ECs for crystallization were generated and purified using minor variations of the methods previously described for poliovirus polymerase . Briefly, 36 µM PV 3Dpol, 30 µM pre-annealed primer-template RNA, and 300–450 µM each ATP and GTP were incubated at room temperature for 20–45 minutes to form stable ECs. CV 3Dpol is less soluble than its PV counterpart and assembly reactions where therefore done with 20 µM CV 3Dpol and 15 µM RNA in 50 mM HEPES, pH 6.5, 75 mM NaCl, 5 mM MgCl2, 2 mM TCEP, and 450 µM each ATP and GTP. Optimized conditions for the RV EC involved the addition of 10% glycerol to increase solubility of the polymerase under low salt conditions and substitution of Tris pH 7.8 and KCl for HEPES pH 6.5 and NaCl, respectively, in both the primer/template annealing reaction and EC assembly buffers. RV EC assembly was done with 20 µM 3Dpol and 10 µM RNA in a total volume of 9 ml and after incorporation of the first four nucleotides (GAGA), the pH of the reaction was adjusted to 6.5 by adding 1 M MES pH 6.0 as needed (≈75 mM final concentration) before the following purification steps.
The assembled EC’s were purified by ion exchange chromatography on a MonoQ column (GE Healthcare), buffer exchanged into 20 mM HEPES, pH 6.5, 100 mM NaCl, 2 mM MgCl2, 2 mM TCEP reducing agent, and then concentrated in Amicon Ultra-4 centrifugal filters to ≈10 mg/ml for PV and ≈8 mg/ml for CV and RV complexes. Crystallization screens were carried out using the Qiagen Cryos Suite at 16°C. If needed, promising initial conditions were optimized, resulting in final crystallization complexes for the various constructs as outlined below. Unless otherwise noted, NTP or deoxy-NTP soaking experiments were done under the final cryo stabilizer conditions using 5 mM NTP or deoxy-NTP and 10 mM MgCl2 for 15–20 hours.
Poliovirus PV_r3 and PV_r4 crystals grew in 0.16 M MgCl2, 0.08 M Tris-HCl 8.5, 24% (w/v) PEG 4000, 20% (v/v) glycerol and were directly frozen for data collection. The PV_r5 crystals were obtained using 4.8%(v/v) isopropanol, 0.096 M tacsimate (Hampton Research), pH 8.5–9.0, 1.92–1.95 M ammonium sulfate, and 10–11%(v/v) glycerol and then gradually exchanged into a cryo stabilizer solution containing 4.8%(v/v) isopropanol, 0.096 M tacsimate, pH 8.5–9.0, 1.95 M ammonium sulfate and 19–27%(v/v) xylitol prior to freezing. The coxsackievirus CV_r2 crystals grew from 0.17 M sodium acetate, 0.085 M Tris pH 8.5, 25.5% PEG 4000, and 15% glycerol and were directly frozen. Coxsackievirus CV_r2_Mg crystals grew from 0.21 M magnesium acetate, 0.08 M sodium cacodylate pH 6.5, 20% glycerol, and 14% PEG 8000 and were directly frozen. Finally, the rhinovirus RV_r1 crystals grew in 2–3 days from 0.16 M ammonium sulfate, 0.08 M sodium acetate, pH 4.6, 20% (w/v) PEG 4000, and 20% (v/v) glycerol and were directly frozen. Note that the PV polymerase used to assemble the PV_r5 complex is with a C290M mutation that produced higher quality crystals than the wild type polymerase.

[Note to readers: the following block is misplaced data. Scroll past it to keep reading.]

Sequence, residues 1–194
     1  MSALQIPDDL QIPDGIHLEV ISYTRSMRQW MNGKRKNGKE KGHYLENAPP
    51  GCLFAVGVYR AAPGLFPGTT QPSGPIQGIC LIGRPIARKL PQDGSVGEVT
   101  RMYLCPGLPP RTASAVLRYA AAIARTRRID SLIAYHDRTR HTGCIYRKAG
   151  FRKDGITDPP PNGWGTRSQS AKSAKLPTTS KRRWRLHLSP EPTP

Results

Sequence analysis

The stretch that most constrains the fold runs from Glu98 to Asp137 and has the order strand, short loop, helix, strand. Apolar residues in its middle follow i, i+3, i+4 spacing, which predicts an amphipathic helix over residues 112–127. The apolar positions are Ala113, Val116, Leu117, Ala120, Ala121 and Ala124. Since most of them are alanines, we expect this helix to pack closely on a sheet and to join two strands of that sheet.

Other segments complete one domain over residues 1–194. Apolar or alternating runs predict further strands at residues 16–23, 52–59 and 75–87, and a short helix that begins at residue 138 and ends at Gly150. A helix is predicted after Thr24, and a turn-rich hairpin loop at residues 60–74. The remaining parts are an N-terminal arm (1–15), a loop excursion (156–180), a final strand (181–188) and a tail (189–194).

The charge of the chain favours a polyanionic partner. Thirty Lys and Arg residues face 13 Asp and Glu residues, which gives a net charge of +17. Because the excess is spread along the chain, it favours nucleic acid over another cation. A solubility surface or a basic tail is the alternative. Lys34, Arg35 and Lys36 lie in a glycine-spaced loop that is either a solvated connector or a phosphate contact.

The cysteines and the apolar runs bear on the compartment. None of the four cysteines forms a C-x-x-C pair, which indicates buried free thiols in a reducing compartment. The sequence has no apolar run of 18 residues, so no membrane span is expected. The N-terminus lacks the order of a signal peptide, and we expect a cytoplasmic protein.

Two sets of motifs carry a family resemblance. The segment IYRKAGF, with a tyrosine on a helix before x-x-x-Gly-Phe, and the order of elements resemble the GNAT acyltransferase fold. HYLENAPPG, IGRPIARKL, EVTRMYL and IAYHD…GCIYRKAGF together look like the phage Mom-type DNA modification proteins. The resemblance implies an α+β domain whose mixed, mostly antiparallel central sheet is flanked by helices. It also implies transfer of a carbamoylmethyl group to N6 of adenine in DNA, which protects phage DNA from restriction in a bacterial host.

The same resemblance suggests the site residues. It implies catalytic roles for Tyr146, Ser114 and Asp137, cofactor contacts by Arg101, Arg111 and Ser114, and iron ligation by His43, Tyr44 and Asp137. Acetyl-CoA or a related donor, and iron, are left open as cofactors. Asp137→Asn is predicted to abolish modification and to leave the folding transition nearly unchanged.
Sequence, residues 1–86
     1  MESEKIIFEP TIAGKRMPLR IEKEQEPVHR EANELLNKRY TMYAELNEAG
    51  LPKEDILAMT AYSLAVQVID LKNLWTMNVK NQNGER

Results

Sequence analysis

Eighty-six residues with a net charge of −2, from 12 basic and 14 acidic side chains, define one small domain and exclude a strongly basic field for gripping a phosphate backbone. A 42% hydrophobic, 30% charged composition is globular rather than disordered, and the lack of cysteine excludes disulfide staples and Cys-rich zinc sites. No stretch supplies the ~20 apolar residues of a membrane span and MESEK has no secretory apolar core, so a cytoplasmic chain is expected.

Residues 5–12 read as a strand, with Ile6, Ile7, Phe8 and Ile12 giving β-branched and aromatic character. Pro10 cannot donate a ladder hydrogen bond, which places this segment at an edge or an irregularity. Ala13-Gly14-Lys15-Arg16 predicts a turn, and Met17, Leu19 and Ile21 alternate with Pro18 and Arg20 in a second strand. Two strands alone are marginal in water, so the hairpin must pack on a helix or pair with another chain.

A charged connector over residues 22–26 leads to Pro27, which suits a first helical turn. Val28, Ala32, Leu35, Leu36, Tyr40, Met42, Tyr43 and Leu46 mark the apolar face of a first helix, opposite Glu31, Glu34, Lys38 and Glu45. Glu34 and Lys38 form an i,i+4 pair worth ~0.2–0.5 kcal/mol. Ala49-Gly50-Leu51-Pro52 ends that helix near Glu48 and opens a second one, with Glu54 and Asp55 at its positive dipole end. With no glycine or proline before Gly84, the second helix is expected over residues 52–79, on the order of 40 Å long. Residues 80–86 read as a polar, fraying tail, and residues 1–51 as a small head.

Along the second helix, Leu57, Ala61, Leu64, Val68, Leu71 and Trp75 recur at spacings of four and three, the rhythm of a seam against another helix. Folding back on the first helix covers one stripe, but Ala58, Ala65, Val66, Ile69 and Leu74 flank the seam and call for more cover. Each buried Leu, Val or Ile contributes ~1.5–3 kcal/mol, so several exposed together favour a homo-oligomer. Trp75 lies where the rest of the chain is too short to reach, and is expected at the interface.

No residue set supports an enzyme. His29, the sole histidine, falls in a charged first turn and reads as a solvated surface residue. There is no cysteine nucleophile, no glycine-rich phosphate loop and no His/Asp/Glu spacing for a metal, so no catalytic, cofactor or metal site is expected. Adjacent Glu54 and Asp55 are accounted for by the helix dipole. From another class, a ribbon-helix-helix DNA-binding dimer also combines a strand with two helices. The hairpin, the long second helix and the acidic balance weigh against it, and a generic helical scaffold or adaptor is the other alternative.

Diffraction data were obtained using beamline 4.2.2 at the Advanced Light Source (Berkeley, CA). 180–185° of oscillation data were typically collected at 0.5–1° steps and the data were integrated, merged, and scaled using d*Trek  with the resulting statistics being listed in Table 1. Molecular replacement was done with the original PV EC structure (PDB code 3OL6) as a search model, structure refinement was done using Phenix , model building was done using Coot , and simulated annealing composite omit maps were generated using CNS . All the datasets were reduced in the P1 space group, although the CV and RV datasets appear to be very close to C2 or related higher symmetry space groups. This is similar to what was observed with the original PV structures where the use of P1 revealed subtle differences in crystal packing environments that in turn affected fingers domain movements involved in NTP positioning and incorporation efficiency. To preserve the ability to detect any such subtle changes in these new crystal forms we therefore chose to reduce the data in P1 and apply non-crystallographic symmetry to related polymerase and RNA molecules during refinement as warranted. The PDB file chain assignments are consistently named with sequential letters for the protein, template, product, and non-template RNA strands within each EC (i.e. ECI = A–D, ECII = E–H, …). The residue numbering used for the nucleic acid in all the complexes is always indexed such that the priming −1 position base pair is composed of nucleotide 601 on the template strand, 701 on the product strand, and 702 for any incoming nucleotide in the catalytic site, regardless of nucleotide sequence, pre- or post-catalysis state, or in-crystal translocation status.
To crystallize elongation complexes with coxsackievirus B3 (CV), human rhinovirus 16 (RV), and poliovirus (PV) polymerases we sought to further explore the use of RNA-RNA stacking as a mediator of lattice contacts by systematically varying the length of the RNA and weakening the RNA-RNA contacts. These alterations to the RNA would change both the overall length between the predicted pairs of ECs in the lattice and the flexibility of the central region where the two RNAs interact by coaxial stacking. Changing the viral polymerase, on the other hand, is effectively another crystallization screening parameter that explores differences in the surface residues of the proteins to facilitate crystallization. Together, these two parameters allowed us to readily crystallize all three ECs tested. The resulting structures of these highly homologous polymerases sample a wide variety of crystallization conditions, allowing us to determine what parts of the EC structures are universally conserved and what parts may be due to crystal packing effects.